July 28, 2014, 01:44:29 AM

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Messages - AJ

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46
If the theoretical future incompatibility keeps you awake at night, then get the Canon.

If spending an extra 400 bucks keeps you awake at night, then get the Sigma

47
Lenses / Re: A Walk Around Lens for a Trip
« on: May 01, 2013, 11:49:50 AM »
I keep thinking I'll move into a full frame but, truth be told, it gets more doubtful as I age.  For that reason I haven't spent a lot on EF-S glass but all the praise the 17-55 is getting sure impresses me. 

I may break my prejudice about buying EF-S lenses and pull the trigger on the 17-55 2.8 IS when my photo-fund gets rebuilt.

I've never been an adherent of the 'I'm getting a FF camera someday so I won't but EF-S' school of thought. But the lens(es) you need for the camera you have today.  Particularly if the EF-S lenses are the top ones (17-55, 15-85, 10-22), where resale value is strong.  When I eventually sold my 10-22 and 17-55, I think I lost a combined total of ~$120 from what I paid new for them - pretty cheap 2-3 year rentals.

IMO, the EF-S 17-55/2.8 IS is the best general purpose zoom for APS-C.  However, it is a little short for a travel lens whereas the 15-85 is better suited. If taking the 17-55, I'd be inclined to bring a longer lens, too.  I found the 100L Macro IS to be a great second lens for travel, since it does both tele and macro very well, and gives you f/2.8 across the board (with the 15-85, I'd consider a 430EX II or at minimum a 270EX II).

17-55 is a great zoom if you intend to do a lot of indoor shooting, with or without flash.  15-85 would be my pick for an outdoor walk-around lens.

17-55 is also very heavy.  I have one with my 7D.  I also have a drebel and Tamron 17-50/2.8.  This combo is much lighter, and does not lag far behind in image quality.

48
Lenses / Re: Lightweight lens for backpacking and bicycle touring
« on: April 16, 2013, 05:07:51 PM »
7D is a heavy camera.  How about bringing a T4i

49
Lenses / Re: 2 filters jammed together
« on: April 12, 2013, 01:02:47 PM »
1) Find a second lens (or other cylindrical object) with equal diameter, and some tape.
2) Tape the inner filter to lens #1
3) Plase the second lens against the outer filter and tape it to the outer filter
4) Twist

The nice thing about this method is that it applies twisting forces only, and not compression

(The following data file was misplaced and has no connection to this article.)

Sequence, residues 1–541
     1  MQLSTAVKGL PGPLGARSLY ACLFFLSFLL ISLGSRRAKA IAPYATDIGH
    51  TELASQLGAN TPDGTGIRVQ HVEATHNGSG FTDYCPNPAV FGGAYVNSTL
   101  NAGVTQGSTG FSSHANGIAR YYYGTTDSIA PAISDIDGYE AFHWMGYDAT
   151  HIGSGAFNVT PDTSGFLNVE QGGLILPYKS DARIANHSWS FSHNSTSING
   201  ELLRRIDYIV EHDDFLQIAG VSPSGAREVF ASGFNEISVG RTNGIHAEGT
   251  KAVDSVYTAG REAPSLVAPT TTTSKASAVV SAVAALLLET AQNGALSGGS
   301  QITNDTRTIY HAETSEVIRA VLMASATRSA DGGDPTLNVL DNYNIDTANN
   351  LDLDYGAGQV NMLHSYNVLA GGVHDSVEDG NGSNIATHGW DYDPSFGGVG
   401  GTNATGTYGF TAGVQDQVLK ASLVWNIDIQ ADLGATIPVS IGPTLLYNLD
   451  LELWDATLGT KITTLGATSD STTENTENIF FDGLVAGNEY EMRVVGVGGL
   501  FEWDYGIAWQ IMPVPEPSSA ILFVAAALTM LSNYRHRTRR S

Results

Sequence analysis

50
Lenses / Re: Lenses for carpets photography
« on: April 08, 2013, 04:10:23 PM »
You don't need a 5D for this job.  You're not shooting high-iso, ultra shallow-dof, or making huge prints.

I'd get a 60D, 15-85/4-5.6 IS, 50/2.5 macro, a really nice tripod, remote shutter trigger, and a few flashes with umbrellas and stands.  And a copy of Lightroom.

51
EOS Bodies - For Stills / Re: 5Dc a good option?
« on: April 08, 2013, 12:08:49 PM »
I know my 450D is a newer camera with a DIGIC III processor and the 5Dc has a DIGIC II processor, but would going back to an older processor matter?
yes.

With the 5Dc being full frame the ISO and image quality will be much better than the 450D, am I right?
yes.

Is there a big difference in image quality between the 5Dc and 5D MKII?
yes.

I do understand that the 5DMark ii is again better than the 5Dc, but I am trying to save money. I am basically asking is going from the 450D to a 5Dc a good option?
and yes again.

52
If you want to capture images of a baby with minimal lighting, get a 6D...  This would be a better choice.
That's silly.  Why wouldn't one improve the lighting instead?

Why?  Did you read what he wants?  Do you think that maybe using a flash in a babies eyes is the best way to go?
 
OP
"My first child is due on the first of May and I want to document his early months with a DSLR."
 
I stand by my recommendation.  A child is not going to be running around in his first few months, or years, and blinding him with bright lights would not be the way I'd treat my child.
Contrary to popular belief, flash does not injure babies.

53
If you want to capture images of a baby with minimal lighting, get a 6D...  This would be a better choice.
That's silly.  Why wouldn't one improve the lighting instead?
Baby sleeping?
Babies sleep in broad daylight

54
If you want to capture images of a baby with minimal lighting, get a 6D...  This would be a better choice.
That's silly.  Why wouldn't one improve the lighting instead?

55
Get the 7D.  At this point in the product cycle it's priced right. 

The new 7D mk2 is bound to have very little improvement in the sensor department.  It'll have wifi, gps, and a mind-boggling price tag.  I wouldn't wait for it.  Get a 7D now and start shooting.

Renting makes no sense at all.  You need a camera to capture your child at every stage.

Good luck!


p.s. nice photos Canon-F1

56
EOS Bodies / Re: diy ideas on how to protect camera from rain?
« on: April 07, 2013, 02:51:42 AM »
Can you set up a tarp at the sideline, e.g.
http://www.mec.ca/AST/ShopMEC/Tents/LightShelters/PRD~5000-629/integral-designs-siltarp-2-tarp.jsp

I'm sure your local hunting/camping store will be able to find a solution.

57
...Canon 100L has a better IQ.

And how you you know this?  Do you own both a 100L and a T90VC? 

58
Best lens: Canon 17-55/2.8 IS.

Best lens for the money: Tamron 17-50/2.8 non-VC

I own both of these lenses and they are both excellent. 

59
Lenses / Re: Is the upcoming 50mm F/2 IS USM for me?
« on: March 31, 2013, 02:47:57 PM »
I too think that a 50/1.8 IS or 50/2 IS is just around the corner.  I think it'll be pretty good optically, and I think Canon will price it north of 700 bucks.


60
Lenses / Re: Shooting a Rock Concert. Which Lens(es)?
« on: March 31, 2013, 02:43:35 PM »
Big arena?  Crowded bar?  more info plz

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